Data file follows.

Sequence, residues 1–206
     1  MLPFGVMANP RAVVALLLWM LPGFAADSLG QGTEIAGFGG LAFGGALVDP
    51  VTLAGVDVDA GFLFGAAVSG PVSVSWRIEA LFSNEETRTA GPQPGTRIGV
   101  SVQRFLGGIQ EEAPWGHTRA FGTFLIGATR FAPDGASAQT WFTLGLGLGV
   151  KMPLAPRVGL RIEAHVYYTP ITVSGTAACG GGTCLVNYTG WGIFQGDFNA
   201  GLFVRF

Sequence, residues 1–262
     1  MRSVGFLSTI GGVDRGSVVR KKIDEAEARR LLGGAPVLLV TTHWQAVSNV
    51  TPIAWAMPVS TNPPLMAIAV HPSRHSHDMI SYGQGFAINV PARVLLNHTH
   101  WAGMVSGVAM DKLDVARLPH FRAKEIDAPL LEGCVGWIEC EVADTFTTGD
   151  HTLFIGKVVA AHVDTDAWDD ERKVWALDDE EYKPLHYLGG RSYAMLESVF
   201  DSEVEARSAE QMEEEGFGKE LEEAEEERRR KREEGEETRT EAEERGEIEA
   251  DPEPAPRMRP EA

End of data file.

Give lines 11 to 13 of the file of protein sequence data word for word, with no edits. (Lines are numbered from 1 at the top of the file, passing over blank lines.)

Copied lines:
   151  HTLFIGKVVA AHVDTDAWDD ERKVWALDDE EYKPLHYLGG RSYAMLESVF
   201  DSEVEARSAE QMEEEGFGKE LEEAEEERRR KREEGEETRT EAEERGEIEA
   251  DPEPAPRMRP EA